Niagara River Corridor receives international recognition
The Niagara River Corridor joined some elite company on Thursday at a ceremony on Goat Island in Niagara Falls. The corridor was recognized as an international wetland of importance by the Ramsar Convention, an independent, intergovernmental environmental group dedicated to wetlands conservation.
The Niagara River Corridor becomes just the 40th site in the United States to be recognized by Ramsar. Other U.S. sites include the Florida Everglades, Chesapeake Bay Estuarine Complex and the Bolinas Lagoon, north of San Francisco.
A lot of effort went into getting the corridor this recognition. 33 student’s in the University at Buffalo’s School of Law Environmental Advocacy Clinic put in over 1,000 hours of legal and policy pro bono work. Kim Connolly is Vice Dean for Advocacy and Experimental Education at the school of law. She has studied and written about the Ramsar Convention for nearly two decades. She said the original signatories of the convention would be proud of this particular recognition.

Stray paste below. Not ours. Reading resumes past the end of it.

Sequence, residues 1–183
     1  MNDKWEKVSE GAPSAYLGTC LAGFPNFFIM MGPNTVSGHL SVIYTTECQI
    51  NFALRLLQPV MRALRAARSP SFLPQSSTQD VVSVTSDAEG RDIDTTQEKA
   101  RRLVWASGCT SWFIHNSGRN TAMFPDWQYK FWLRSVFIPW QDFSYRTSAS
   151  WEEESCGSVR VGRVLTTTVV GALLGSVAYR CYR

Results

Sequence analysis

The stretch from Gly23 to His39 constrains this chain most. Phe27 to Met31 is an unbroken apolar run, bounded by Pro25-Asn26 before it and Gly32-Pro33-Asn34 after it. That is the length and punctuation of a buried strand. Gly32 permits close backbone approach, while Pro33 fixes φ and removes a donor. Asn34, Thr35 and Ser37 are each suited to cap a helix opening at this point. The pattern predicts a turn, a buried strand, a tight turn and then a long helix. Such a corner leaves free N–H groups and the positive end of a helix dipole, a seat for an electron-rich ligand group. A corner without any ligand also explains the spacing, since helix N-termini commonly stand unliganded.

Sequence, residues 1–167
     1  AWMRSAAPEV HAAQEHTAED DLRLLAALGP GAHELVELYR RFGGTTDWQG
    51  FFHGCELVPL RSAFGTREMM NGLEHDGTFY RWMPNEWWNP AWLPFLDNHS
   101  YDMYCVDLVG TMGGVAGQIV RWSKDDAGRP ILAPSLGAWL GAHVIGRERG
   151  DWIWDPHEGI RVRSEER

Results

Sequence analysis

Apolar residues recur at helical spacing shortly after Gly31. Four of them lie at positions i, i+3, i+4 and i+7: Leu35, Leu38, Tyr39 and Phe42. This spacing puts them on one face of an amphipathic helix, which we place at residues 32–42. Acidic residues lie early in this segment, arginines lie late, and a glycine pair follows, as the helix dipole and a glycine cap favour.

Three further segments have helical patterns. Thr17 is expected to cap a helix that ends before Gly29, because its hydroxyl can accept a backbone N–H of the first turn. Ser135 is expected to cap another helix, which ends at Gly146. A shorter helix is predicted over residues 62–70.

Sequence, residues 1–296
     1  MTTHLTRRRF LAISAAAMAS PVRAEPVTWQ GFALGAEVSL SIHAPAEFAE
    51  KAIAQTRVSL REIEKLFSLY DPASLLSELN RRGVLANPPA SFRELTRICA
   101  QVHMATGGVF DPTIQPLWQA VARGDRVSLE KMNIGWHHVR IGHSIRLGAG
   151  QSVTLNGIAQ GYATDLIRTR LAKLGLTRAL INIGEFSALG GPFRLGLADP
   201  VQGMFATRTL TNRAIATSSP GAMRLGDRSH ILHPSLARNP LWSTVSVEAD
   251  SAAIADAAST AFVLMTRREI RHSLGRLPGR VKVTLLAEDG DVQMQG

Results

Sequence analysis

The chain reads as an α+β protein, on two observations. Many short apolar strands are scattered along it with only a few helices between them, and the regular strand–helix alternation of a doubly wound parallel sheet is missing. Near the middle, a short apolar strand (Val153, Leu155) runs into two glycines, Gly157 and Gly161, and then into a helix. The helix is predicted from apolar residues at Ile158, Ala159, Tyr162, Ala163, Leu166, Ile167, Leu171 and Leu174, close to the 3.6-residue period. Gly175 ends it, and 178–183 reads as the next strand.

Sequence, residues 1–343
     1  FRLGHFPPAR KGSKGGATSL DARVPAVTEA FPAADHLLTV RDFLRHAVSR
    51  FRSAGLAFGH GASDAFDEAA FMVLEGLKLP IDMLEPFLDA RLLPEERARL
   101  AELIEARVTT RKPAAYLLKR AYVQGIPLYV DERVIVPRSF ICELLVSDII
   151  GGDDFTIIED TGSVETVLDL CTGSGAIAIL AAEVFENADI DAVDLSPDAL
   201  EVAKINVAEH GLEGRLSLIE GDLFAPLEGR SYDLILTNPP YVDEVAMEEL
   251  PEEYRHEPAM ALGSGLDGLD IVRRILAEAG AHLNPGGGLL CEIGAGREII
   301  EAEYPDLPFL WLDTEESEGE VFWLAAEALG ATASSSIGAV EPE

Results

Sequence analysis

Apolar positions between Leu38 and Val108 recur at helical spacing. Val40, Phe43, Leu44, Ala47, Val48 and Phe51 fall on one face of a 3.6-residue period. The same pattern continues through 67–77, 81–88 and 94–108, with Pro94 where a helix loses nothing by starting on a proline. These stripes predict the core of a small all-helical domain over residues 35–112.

“They believed in a collective commitment to honoring and protecting places like the Niagara River,” she said. “This is a win-win-win for the ecosystem itself, for the people and communities who rely on it, and for the non-humans who depend on the preservation of this.”
Many keynote speakers talked about the importance of the Niagara River in ecological terms. Western New York Land Conservancy Deputy Executive Director Jajean Rose-Burney explained why the area was so deserving of the Ramsar recognition.
“We have great migrations of birds. Ancient and massive fish. Incredible, protected, endangered rare species of plants and animals,” he said. “The birthplace of hydroelectric power. Millennia of indigenous cultures.”
All of those reasons, Rose-Burney said, are categories which Ramsar celebrates and believes are important. He also mentioned the river itself is the cleanest it has been in generations.
Rose-Burney said everyone in the region should take pride and take care of the river corridor for today, and for the next generations.